Book Reviews


by Christopher Cook

Carroll & Graf, 372 pp., $24.95

It would be hard to imagine a nastier character than Ray Bob. This career recidivist's moral compass is permanently off-whack throughout Robbers, Austinite Christopher Cook's fine debut novel. He shows no remorse for the casually horrific violence that he regularly doles out. In fact, he seems not to understand that such an emotion is possible. He is motivated by the pretzel logic of the criminal class -- it's him against the world and the world better be packing heat if they cross his path.

Vicious, senseless crime and desperate acts by desperate losers -- these behaviors form the crux of this grim Texan-noir tale of two misfits -- Ray Bob, an unrepentant sociopath, and Eddie, an erstwhile whiteboy blues guitarist -- tooling around the state in a ragtop Cadillac. But these are not the troubled adventures of misguided youths who skirt the edges of the law. Instead, from the opening scene where they gun down an Austin convenience store clerk and slay a police officer without batting an eye, this is a litera veritas chronicle of life on the lam and a trail of crimes committed without rhyme, reason, or repentance.

Eddie is no angel, but he's a far cry from the callous reprobate that Ray Bob is. He's lazily amoral but he's proud to be Ray Bob's running buddy even if he wishes they weren't shooting up quite so many innocent civilians. The slippery slope of petty crime soon lands him in the maelstrom of felony offenses and there's no way to turn back or make things right. His infatuation with a trashy, young, single mother of two provokes extreme jealousy in Ray Bob, which adds a weird and irrational dynamic of lowlife drifter vengeance to the mix.

The other half of this crime-and-punishment equation is Texas Ranger Rule Hooks -- a methodical, old-style crimebuster who sets out from Austin in measured pursuit of the at-the-time unidentified badass duo leaving a bloody trail in the general direction of the Gulf Coast. Rule is reminiscent of Dave Robicheaux (James Lee Burke's bayou-Zen lawman) and though he is thinly sketched at first, Cook gradually adds color and shading until he appears as a nicely nuanced character. While Ray Bob plays cat and mouse, Ranger Hooks executes a moseying 10-day search of East Texas and the Gulf Coast. A showdown is inevitable and, sure enough, it takes place in the deep rural isolation of Ray Bob's home ground in the East Texas bottoms.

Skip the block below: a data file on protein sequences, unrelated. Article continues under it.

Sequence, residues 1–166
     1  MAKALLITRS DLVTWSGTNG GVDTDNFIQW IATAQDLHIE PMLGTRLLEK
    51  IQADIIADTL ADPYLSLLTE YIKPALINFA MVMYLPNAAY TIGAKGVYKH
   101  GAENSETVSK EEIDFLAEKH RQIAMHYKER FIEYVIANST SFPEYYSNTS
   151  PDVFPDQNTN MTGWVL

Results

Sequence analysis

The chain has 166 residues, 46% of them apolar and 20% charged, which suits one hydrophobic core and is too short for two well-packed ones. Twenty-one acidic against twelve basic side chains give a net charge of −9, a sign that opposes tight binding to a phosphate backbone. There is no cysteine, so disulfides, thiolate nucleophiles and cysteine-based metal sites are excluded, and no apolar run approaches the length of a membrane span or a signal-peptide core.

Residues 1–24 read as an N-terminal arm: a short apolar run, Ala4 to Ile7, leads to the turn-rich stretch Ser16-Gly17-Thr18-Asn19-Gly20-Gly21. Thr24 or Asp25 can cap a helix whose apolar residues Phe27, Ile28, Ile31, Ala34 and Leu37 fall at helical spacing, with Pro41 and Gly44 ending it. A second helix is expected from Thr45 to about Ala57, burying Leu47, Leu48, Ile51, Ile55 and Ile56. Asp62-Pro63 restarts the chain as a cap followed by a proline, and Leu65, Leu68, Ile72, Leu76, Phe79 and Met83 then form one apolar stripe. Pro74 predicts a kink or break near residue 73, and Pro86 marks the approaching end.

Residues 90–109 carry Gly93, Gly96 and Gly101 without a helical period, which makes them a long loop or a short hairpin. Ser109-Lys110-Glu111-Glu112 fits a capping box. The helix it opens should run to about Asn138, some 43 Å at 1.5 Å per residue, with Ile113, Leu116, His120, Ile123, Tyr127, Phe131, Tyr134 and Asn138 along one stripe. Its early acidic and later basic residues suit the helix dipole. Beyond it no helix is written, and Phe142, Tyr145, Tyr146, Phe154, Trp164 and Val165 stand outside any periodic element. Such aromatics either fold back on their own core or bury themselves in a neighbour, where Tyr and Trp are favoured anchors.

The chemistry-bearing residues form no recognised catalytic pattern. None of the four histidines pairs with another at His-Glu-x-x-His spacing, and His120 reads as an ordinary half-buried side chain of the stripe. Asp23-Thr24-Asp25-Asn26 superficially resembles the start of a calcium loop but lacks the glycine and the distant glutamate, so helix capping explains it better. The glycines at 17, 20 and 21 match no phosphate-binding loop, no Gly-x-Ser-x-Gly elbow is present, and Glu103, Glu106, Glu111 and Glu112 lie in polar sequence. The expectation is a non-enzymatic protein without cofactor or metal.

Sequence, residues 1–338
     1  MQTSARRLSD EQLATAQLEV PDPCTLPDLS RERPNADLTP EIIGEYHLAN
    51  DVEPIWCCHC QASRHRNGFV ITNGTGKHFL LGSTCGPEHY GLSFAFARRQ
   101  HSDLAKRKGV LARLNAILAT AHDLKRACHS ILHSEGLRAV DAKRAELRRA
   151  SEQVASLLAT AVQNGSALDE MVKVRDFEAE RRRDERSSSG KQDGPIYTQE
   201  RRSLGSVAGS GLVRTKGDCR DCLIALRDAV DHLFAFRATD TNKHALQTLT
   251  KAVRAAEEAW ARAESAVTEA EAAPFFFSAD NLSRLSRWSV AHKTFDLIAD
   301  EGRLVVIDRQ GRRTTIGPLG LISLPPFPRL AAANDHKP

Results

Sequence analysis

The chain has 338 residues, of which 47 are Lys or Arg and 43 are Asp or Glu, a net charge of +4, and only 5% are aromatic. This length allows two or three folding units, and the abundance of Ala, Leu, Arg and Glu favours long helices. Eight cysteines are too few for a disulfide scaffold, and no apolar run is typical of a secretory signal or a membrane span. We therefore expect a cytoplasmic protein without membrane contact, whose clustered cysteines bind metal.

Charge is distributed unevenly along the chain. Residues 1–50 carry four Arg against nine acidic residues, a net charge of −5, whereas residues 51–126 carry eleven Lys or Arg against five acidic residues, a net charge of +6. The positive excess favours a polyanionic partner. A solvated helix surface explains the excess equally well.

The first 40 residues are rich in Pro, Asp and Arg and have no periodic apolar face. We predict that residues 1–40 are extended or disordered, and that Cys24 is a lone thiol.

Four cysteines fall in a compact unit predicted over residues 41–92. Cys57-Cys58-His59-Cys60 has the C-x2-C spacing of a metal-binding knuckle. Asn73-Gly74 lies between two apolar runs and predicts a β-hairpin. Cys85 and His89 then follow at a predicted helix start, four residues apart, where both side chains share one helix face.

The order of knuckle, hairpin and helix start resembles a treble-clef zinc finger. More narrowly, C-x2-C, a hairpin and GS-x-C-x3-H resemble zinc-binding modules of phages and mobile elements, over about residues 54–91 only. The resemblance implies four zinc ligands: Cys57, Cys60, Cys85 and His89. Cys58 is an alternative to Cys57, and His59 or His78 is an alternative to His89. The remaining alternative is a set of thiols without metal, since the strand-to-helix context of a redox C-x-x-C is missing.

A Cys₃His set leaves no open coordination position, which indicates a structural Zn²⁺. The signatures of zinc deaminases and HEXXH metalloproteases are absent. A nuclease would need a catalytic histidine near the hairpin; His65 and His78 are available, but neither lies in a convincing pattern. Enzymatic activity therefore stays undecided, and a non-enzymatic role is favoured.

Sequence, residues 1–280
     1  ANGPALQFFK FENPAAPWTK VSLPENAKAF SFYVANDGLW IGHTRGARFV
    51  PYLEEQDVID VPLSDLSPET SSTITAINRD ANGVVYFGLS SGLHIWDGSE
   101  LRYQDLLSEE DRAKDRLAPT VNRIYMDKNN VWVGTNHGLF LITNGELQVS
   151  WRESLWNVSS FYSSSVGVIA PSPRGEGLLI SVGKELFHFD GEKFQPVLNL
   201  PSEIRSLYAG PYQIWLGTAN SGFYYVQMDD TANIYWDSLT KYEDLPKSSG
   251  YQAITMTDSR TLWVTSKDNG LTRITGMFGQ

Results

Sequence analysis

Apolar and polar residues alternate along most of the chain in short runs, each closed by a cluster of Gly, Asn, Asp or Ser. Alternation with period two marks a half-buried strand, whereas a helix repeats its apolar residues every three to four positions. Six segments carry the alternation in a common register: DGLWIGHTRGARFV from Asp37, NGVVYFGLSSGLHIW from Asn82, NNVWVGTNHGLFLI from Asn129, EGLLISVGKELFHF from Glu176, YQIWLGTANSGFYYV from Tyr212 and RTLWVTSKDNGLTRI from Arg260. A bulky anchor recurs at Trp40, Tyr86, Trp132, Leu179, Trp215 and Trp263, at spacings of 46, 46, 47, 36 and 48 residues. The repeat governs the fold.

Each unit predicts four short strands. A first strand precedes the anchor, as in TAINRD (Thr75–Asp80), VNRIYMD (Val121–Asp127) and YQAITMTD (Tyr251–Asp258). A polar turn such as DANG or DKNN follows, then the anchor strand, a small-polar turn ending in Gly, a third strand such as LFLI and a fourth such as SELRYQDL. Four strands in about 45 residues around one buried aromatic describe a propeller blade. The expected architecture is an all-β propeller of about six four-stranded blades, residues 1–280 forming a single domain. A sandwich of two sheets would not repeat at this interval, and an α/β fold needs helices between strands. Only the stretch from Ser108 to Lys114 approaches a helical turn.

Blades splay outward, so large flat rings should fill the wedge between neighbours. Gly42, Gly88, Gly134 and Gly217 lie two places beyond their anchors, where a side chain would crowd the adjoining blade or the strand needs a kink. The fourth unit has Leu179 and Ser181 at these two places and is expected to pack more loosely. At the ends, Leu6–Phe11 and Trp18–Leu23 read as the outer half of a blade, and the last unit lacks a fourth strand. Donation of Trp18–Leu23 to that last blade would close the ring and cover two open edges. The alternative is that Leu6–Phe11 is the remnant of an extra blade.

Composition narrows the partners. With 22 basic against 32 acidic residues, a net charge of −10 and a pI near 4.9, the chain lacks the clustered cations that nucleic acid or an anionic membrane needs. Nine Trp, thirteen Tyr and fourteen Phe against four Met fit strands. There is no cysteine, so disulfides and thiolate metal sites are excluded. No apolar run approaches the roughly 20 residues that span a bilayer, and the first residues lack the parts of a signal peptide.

Cook's terse narrative style is well suited to the dark and rumbling story being told. It doesn't provide an easy entry to the book but eventually a rhythm asserts itself and Robbers chugs along at the on-the-run backroads pace of its characters. Cook is clearly intent on breaking some of the crime fiction clichés that haunt the genre and he succeeds to some extent when he follows his storyline down some genuinely unexpected avenues. And there is a nice bit of mistaken identity confusion thrown in for good measure.

The publisher's promo brazenly likens first-time novelist Cook to Elmore Leonard and James Lee Burke "at their toughest and funniest." The Burke reference is on-target though very premature. But drawing any comparison to Leonard's screwball capers is way off base. Robbers might be loaded with irony, but the satire and dark humor that drives Leonard's best work is thin on the ground here.

Christopher Cook's raw voice is an exciting and welcome addition to the modern noir fiction scene. Robbers is gritty and believable. It's like riding shotgun with society's nightmare -- a killer sociopath with nothing to lose.

Christopher Cook will be at Barnes & Noble Arboretum on Tuesday, Nov. 21, at 7:30pm.

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